A. McCutcheon, T. Campbell, T. Gillan, W. Jobson,
and W. H. Dingley, hon. sec. X.


I find these things fascinating. :)

Regards,
Clive


I walk the paths where no one goes and cast to fish nobody knows


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PostPosted: 03/26/20 17:30 • # 23 
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Joined: 01/24/17
Posts: 56
The problem is that the Fishing Gazette ran for about 100 years and that source you quote has a very small period.

What is needed are the actual volumes.
Image

Image


I have about sixty volumes many are missing the front and back cover where lots of information is held

http://www.turnerandlowkes.com


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PostPosted: 03/26/20 17:33 • # 24 
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Posts: 56
Image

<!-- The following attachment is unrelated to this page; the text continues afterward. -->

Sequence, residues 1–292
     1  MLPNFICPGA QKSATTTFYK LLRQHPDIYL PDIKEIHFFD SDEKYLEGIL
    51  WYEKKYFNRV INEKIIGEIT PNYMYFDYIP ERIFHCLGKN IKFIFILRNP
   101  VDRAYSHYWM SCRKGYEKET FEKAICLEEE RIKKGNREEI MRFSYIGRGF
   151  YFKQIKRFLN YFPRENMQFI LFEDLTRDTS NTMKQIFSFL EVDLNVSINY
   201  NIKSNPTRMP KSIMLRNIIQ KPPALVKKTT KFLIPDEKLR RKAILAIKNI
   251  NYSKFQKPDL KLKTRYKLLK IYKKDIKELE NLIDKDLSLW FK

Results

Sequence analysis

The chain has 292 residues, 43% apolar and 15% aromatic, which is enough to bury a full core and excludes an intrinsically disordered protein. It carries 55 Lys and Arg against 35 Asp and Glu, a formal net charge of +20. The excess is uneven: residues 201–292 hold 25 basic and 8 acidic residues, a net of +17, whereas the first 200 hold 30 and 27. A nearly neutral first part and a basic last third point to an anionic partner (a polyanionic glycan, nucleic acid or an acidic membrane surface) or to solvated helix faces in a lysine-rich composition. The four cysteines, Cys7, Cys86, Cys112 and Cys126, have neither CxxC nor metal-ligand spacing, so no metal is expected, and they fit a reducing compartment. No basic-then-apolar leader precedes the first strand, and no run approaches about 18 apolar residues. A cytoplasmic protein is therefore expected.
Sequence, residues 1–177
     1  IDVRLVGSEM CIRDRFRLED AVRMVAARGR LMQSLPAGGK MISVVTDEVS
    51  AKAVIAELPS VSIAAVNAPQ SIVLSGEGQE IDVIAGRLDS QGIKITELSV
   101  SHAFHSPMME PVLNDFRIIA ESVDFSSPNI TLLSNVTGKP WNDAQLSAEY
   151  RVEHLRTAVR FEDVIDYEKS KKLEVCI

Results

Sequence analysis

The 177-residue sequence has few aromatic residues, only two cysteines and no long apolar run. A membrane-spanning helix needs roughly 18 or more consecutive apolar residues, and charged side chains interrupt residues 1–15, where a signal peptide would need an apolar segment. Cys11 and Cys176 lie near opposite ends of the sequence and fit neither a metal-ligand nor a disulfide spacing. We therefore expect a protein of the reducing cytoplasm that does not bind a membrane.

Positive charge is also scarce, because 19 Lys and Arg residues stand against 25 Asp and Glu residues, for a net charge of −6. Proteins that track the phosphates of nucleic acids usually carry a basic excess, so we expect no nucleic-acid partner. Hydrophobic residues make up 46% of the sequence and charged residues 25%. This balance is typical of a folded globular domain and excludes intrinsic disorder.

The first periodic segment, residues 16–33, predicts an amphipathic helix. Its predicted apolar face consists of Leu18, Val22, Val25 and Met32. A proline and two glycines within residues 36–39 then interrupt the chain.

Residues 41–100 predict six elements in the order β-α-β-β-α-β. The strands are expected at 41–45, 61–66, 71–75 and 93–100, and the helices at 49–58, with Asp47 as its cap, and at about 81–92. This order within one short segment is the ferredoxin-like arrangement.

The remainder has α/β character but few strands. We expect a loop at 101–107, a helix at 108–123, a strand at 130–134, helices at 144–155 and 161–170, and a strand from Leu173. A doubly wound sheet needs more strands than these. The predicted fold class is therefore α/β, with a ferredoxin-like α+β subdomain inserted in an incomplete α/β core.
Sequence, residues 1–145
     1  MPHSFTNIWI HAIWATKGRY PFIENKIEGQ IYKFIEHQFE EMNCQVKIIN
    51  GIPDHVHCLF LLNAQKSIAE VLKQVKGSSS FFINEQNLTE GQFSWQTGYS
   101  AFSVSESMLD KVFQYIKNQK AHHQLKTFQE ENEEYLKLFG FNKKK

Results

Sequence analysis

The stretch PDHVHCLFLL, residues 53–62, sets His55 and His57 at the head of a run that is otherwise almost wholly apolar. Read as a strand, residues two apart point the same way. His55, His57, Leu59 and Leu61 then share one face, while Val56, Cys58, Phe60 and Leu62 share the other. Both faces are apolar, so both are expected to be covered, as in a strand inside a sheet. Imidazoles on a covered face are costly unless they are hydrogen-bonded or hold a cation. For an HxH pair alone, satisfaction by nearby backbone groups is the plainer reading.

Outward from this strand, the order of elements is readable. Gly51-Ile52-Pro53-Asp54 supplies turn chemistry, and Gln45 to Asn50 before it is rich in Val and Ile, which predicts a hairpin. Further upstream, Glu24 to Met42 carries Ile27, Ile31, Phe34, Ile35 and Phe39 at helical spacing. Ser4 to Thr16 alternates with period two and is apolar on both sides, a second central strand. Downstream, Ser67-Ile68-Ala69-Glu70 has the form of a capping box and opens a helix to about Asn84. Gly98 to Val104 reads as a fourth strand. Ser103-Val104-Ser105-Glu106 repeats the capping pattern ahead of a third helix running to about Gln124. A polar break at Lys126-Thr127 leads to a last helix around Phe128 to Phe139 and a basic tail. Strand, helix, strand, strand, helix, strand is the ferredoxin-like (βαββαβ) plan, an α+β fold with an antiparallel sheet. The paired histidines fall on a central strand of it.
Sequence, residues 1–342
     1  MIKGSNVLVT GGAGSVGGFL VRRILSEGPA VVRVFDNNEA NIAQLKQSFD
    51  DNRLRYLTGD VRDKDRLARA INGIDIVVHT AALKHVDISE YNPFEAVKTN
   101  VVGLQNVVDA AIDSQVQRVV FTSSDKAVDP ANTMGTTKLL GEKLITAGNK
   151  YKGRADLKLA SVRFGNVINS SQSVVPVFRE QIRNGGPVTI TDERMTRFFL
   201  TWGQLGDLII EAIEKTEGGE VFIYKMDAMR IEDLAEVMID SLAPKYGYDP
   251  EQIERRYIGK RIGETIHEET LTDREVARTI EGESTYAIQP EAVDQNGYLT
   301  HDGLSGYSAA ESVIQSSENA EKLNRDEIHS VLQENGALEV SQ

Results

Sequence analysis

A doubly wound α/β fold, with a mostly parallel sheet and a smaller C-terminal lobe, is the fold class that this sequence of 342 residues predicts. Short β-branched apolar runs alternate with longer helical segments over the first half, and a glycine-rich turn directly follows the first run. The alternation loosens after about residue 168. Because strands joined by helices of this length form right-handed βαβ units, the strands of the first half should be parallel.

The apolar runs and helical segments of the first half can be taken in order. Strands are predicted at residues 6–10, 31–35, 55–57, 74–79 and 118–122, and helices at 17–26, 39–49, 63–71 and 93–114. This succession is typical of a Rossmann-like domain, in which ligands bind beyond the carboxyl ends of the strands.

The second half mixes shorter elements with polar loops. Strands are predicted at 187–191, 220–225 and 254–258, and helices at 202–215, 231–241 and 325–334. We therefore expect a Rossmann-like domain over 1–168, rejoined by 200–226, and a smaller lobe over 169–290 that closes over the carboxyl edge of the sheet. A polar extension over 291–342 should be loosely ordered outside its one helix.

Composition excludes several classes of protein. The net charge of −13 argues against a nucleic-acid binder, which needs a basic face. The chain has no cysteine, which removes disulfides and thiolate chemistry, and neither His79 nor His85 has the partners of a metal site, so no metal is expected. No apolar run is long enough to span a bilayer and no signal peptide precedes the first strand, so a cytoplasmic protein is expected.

http://www.turnerandlowkes.com


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PostPosted: 03/26/20 17:37 • # 25 
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Joined: 01/24/17
Posts: 56
Image

http://www.turnerandlowkes.com


Last edited by stefan duma on 03/26/20 17:42, edited 1 time in total.

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PostPosted: 03/26/20 17:39 • # 26 
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Raymond Humble was born in 1922…William Dingley appears to have left Hardy's around 1911..at which time Mr Humble (presumably) would have been an 11 year old boy running around the playground at (for all I know) Alnwick Junior School.

Mr Mole, I would read carefully of which Stefan Duma writes..

malcolm


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PostPosted: 03/27/20 01:43 • # 27 
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Posts: 56
WallaceWatson wrote:
Raymond Humble was born in 1922 and was apprenticed at Hardy in 1937. The Hardy factory was in Bondgate until 1965 which is about 120 yards from the Dingley works in Green Batt. Dingley was by then a very highly respected tackle maker and it goes without saying that a reel maker at Hardy would have been very well aware of WH Dingley especially since he was so close by.

I take Stefan's point about the catalogues. Raymond Dingley said none were produced. Stefan has four examples. Maybe Raymond D could have been mistaken about other matters. It just goes to show you can't believe everything you are told.